Using The Right Hook

Ponder these two simple questions for a moment: What do computers do best? What do people do best?

Simple questions, I would hope, with simple answers. Computers are good at providing quick access to vast amounts of information, good at performing repetitive and mindless tasks, good at performing calculations and comparisons, and very good at following instructions.

People, on the other hand, aren’t usually all that good at following instructions (just eavesdrop at the Ikea customer service counter for a few minutes if you don’t believe me), but they excel at listening, learning, creating, empathizing, synthesizing, guiding, and coming up with innovative solutions.

Obvious stuff, right? So why are so many e-retailers and marketers treating people like computers and losing business in the process?

Think about it. What’s been the supposed big draw for e-commerce? Price, right? The theory is that the efficiencies gained through automation will allow prices to drop, stimulating more people to buy and making everyone rich. Price is on all e-retailers’ minds is a concept based on letting people set their own price, letting consumers regularly turn to the web to get the best price on travel. Amazon is deeply discounting New York Times bestsellers, and software sites like regularly offer deep discounts off list price to entice new users.

It’s a brave new wonderful market-driven consumer-directed world, right? Retailers are happy because they are able to develop friction-free global markets with a minimum of startup costs. Consumers are happy because they get low prices, 24X7 access, and huge selections. Everyone’s happy, happy, happy, right?

Apparently not.

Ecommerce Pulse, a new survey by Harris Interactive, reveals that online commerce may be in for some bumpy times, especially on the marketing end. After surveying over 100,000 online consumers, Harris found that over 40 percent couldn’t name one online retailer in 12 out of 13 product categories. Their research also confirmed what many of us already know: Even though 90 percent of consumers shop online, only 18 percent buy.

Why are these numbers so low? The answer has to do with the question that I asked at the beginning of this column.

Think about your own online shopping experiences. First, you need to get to a store so you either go to one that you’ve heard about, used, or seen an ad for. Maybe you go to a search engine. You get on the site, click around, look at prices, make your decisions, add items to your shopping cart, cough up your credit card number, and wait for the package to arrive in the mail.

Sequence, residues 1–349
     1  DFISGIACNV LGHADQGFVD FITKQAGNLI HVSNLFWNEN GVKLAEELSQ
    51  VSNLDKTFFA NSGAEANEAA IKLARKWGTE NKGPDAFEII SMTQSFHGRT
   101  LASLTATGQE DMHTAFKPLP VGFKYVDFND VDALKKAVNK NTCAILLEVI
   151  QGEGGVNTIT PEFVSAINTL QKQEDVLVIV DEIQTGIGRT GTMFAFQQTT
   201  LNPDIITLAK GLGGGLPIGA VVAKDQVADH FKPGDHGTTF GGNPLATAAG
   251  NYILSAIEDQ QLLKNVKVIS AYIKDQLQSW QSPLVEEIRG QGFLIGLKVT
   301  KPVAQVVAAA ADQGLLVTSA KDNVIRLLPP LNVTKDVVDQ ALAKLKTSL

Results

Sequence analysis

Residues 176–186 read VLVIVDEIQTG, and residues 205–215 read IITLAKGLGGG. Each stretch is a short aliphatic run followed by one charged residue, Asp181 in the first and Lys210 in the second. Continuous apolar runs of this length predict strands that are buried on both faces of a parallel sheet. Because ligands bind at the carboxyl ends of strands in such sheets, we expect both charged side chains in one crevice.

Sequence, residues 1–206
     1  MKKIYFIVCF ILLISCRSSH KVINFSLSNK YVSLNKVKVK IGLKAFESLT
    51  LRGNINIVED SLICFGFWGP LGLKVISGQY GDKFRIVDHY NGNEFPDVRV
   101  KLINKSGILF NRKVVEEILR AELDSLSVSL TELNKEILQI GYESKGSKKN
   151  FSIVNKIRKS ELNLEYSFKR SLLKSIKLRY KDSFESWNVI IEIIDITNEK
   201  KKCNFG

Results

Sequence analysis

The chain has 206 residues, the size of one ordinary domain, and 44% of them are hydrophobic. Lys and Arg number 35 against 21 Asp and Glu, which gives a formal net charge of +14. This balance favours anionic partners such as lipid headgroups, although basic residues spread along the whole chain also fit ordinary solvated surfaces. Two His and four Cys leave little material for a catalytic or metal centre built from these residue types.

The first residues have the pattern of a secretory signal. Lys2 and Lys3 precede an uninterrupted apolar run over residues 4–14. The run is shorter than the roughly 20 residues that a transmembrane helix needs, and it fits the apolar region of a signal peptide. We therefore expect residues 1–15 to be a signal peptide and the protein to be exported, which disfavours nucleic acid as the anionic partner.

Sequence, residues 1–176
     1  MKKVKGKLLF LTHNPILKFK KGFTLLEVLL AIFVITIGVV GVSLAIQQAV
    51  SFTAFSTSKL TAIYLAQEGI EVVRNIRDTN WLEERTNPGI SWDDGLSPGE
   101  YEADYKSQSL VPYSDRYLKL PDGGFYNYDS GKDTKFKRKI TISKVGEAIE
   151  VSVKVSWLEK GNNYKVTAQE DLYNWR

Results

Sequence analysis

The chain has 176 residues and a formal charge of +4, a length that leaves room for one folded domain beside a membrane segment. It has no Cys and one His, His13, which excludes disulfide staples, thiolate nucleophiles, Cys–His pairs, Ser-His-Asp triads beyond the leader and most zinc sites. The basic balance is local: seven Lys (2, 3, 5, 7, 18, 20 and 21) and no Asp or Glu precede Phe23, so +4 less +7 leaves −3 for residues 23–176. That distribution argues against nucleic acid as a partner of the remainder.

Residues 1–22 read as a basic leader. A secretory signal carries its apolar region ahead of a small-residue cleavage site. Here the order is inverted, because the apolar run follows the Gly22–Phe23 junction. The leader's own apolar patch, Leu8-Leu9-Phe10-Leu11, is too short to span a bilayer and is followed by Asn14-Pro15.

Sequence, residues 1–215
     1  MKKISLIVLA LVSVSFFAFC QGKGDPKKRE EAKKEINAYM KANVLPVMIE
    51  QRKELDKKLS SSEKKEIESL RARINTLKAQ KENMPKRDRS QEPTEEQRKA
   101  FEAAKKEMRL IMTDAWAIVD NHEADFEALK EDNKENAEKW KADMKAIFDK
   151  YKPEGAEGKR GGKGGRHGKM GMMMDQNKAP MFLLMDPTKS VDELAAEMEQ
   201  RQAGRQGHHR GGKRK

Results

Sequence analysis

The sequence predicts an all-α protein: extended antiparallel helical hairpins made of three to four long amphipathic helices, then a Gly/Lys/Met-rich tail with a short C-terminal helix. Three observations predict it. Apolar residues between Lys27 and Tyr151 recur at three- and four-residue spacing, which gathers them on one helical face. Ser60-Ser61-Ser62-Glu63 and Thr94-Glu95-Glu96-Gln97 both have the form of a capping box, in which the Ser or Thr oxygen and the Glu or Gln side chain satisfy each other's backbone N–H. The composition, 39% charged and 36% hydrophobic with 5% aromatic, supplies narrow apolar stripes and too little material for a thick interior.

It’s a fairly simple, faceless, automated process. Checking prices is a breeze because they’re all available on the site in an easy-to-read format. Heck, a lot of sites even keep a tally of your cart purchases as you shop. For the truly price conscious, services like E-compare will even let you search for prices across sites, making price comparisons on the fly.

Sounds great! So what’s the problem? One word — commoditization.

Now that price comparisons are available at the press of a button and moving back and forth between stores is as easy as changing URLs, the where of where you get a product has become increasingly unimportant. As long as every site meets the bare minimum requirements, (big selection, low prices, and overnight delivery) one site is as good as any other. And based on what Ecommerce Pulse tells us, consumers are beginning to think just that. One site is as good as another, and brand loyalty starts too seem like a pretty outmoded concept. Sites compete on price, consumers get what they want, and retailers slip into a downhill spiral of price wars and diminishing service.

Which is exactly what we need to fight against. And that fight can begin now.

Remember my initial questions? Right now, most e-commerce sites are built around letting computers do what computers do best — automation, searching, and repetitive tasks. And the result has been the commoditization of everything sold online. The cure for commoditization is bringing humans back into the mix.

The killer app of e-commerce is customer service: Providing a phone line or live chat help. Providing real humans to help guide the user experience and holding their hand when they need that extra push to give up the credit card number. Giving users a “panic button,” they can push when they need immediate help. It means answering emails immediately, being there when the phone rings, and adding value that a box can’t replicate. Cost more? Sure it’ll cost more but a lower margin that leads to repeat business is worth more in the long run than a slightly higher margin on a one shot sale.

E-retailers need to look at differentiating by doing things that computers can’t do now or in the future. Brands are not built on one shot marketing alone You’ve got to keep people coming back with a special hook that sets you apart. Let humans be your hook.

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